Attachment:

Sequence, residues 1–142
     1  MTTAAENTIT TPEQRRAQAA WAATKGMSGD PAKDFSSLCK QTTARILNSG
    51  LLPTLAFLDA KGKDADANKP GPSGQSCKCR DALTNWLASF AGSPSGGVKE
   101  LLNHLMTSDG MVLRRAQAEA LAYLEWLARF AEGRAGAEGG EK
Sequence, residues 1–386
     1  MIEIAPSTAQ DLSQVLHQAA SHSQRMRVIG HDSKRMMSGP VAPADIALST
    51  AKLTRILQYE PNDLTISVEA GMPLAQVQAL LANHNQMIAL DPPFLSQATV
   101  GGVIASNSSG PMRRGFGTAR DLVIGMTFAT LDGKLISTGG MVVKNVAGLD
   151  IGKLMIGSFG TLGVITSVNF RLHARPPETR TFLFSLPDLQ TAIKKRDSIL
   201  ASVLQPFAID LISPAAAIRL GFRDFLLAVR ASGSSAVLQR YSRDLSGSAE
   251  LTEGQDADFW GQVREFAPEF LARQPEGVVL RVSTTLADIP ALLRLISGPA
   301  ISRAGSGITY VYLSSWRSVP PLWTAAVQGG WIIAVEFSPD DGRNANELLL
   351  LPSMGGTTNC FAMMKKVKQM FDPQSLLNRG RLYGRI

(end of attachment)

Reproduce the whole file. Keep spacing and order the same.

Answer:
Sequence, residues 1–142
     1  MTTAAENTIT TPEQRRAQAA WAATKGMSGD PAKDFSSLCK QTTARILNSG
    51  LLPTLAFLDA KGKDADANKP GPSGQSCKCR DALTNWLASF AGSPSGGVKE
   101  LLNHLMTSDG MVLRRAQAEA LAYLEWLARF AEGRAGAEGG EK
Sequence, residues 1–386
     1  MIEIAPSTAQ DLSQVLHQAA SHSQRMRVIG HDSKRMMSGP VAPADIALST
    51  AKLTRILQYE PNDLTISVEA GMPLAQVQAL LANHNQMIAL DPPFLSQATV
   101  GGVIASNSSG PMRRGFGTAR DLVIGMTFAT LDGKLISTGG MVVKNVAGLD
   151  IGKLMIGSFG TLGVITSVNF RLHARPPETR TFLFSLPDLQ TAIKKRDSIL
   201  ASVLQPFAID LISPAAAIRL GFRDFLLAVR ASGSSAVLQR YSRDLSGSAE
   251  LTEGQDADFW GQVREFAPEF LARQPEGVVL RVSTTLADIP ALLRLISGPA
   301  ISRAGSGITY VYLSSWRSVP PLWTAAVQGG WIIAVEFSPD DGRNANELLL
   351  LPSMGGTTNC FAMMKKVKQM FDPQSLLNRG RLYGRI